"There are 140 countries here in our country," he said. "They're using different explosive materials, chemical materials and all these things. We will talk to them and ask them about all these things, because this has a negative impact on our environment, our animals, our people, so we will ask them about this. They should not think we are uneducated and do not know anything."

Responding to the Afghan president's speech, US Ambassador Karl Eikenberry said, "Our pride is offended. When Americans, who are serving in your country at great cost - in terms of life and treasure - hear themselves compared with occupiers, told that they are only here to advance their own interest and likened to the brutal enemies of the Afghan people," the ambassador said, "my people, in turn, are filled with confusion and grow weary of our effort here."

Mr. Eikenberry however also acknowledged that American and NATO forces had made mistakes.

"Over the course of time here, our learning curve has been steep," he said. "That is because Afghanistan's political, social and economic situation is complex. We do not speak your language and are far from home. But in spite of our mistakes, we are good people whose aim is to help improve our mutual security."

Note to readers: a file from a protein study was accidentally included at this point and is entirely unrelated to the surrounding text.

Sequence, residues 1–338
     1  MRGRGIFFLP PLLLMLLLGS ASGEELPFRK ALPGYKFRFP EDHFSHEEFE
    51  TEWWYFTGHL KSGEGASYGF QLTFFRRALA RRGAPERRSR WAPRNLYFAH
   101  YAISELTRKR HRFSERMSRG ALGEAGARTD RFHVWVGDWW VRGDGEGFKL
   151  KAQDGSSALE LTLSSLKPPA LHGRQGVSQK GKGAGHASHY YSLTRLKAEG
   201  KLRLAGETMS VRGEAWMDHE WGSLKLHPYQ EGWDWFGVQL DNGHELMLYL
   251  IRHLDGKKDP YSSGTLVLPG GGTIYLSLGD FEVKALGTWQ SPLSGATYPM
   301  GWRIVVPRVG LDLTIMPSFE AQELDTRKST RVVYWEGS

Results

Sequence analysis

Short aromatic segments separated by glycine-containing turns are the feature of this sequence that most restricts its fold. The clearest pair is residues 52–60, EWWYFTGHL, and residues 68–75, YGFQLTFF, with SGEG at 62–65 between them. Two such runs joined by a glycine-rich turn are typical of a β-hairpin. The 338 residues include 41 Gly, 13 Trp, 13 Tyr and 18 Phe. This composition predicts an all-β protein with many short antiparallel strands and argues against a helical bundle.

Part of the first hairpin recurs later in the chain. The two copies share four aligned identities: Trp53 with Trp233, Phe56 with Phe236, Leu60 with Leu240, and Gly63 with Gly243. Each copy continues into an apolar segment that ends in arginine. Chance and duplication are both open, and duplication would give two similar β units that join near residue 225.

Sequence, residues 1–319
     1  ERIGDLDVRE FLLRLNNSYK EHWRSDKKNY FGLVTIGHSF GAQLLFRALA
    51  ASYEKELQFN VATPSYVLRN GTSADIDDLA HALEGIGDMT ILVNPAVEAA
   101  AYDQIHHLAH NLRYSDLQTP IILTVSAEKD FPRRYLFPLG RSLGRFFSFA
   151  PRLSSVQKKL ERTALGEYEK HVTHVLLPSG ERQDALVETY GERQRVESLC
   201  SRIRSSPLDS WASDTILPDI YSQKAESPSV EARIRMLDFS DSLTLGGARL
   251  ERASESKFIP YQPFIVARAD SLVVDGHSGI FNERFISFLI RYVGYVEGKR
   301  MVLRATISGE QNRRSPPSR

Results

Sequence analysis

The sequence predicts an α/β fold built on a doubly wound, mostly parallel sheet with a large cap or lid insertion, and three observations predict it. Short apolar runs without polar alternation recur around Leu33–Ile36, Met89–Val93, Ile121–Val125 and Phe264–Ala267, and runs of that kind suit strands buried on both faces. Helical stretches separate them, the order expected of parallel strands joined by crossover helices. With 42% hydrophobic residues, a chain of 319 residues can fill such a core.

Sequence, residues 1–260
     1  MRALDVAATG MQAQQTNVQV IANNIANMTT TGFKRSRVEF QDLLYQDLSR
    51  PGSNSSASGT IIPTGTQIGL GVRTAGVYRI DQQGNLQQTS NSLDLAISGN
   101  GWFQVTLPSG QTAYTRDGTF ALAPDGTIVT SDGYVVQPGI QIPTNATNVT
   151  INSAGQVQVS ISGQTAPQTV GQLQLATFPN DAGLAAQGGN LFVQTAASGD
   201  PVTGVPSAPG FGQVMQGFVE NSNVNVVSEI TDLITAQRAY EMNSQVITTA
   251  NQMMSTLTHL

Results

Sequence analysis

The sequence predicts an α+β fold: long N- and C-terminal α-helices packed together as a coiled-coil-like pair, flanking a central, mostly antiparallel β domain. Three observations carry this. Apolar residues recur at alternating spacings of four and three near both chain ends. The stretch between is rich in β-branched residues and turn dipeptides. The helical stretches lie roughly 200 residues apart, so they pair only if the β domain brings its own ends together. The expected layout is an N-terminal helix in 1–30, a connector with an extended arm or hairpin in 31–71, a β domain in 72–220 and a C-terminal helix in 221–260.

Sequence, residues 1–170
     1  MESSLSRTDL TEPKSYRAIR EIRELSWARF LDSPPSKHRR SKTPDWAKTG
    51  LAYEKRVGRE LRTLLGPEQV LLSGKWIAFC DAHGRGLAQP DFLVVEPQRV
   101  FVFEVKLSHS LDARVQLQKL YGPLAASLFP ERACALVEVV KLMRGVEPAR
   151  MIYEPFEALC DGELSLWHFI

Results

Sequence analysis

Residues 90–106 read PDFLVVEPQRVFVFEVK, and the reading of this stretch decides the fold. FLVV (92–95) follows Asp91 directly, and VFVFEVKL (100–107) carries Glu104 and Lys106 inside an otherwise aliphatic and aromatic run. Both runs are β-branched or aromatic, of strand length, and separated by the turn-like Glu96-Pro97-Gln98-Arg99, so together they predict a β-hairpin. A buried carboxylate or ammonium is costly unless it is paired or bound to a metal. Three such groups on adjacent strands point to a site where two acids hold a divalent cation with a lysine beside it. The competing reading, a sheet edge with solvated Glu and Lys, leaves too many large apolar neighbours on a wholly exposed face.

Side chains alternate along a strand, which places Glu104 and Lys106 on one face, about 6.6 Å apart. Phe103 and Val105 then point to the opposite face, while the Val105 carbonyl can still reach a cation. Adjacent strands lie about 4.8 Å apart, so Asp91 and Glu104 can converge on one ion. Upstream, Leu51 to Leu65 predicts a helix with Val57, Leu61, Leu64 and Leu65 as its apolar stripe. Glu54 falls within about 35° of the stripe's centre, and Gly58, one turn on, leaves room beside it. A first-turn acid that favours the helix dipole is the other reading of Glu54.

As the US were asked to clearly state whether or not they were communicating with the Taliban, US Defense Secretary Robert Gates acknowledged that the country officials had begun preliminary talks with members of the Taliban as part of an effort to end the war in Afghanistan.

He however insisted that he did not believe the negotiations would produce any positive results unless the Taliban continued to feel military pressure through the end of the year.

Talking to CNN Gates cautioned that the talks were in such early stages and that officials were still uncertain the Taliban participants were genuine representatives of the Taliban leader Mullah Omar.

He said the effort was being carried out by American diplomats but did not directly involve the secretary of state, Hillary Clinton. And he said several other countries were participating, without specifically naming them.

"We have said all along that a political outcome is the way most of the wars end," Mr. Gates said. "The question is when and if they are ready to talk seriously."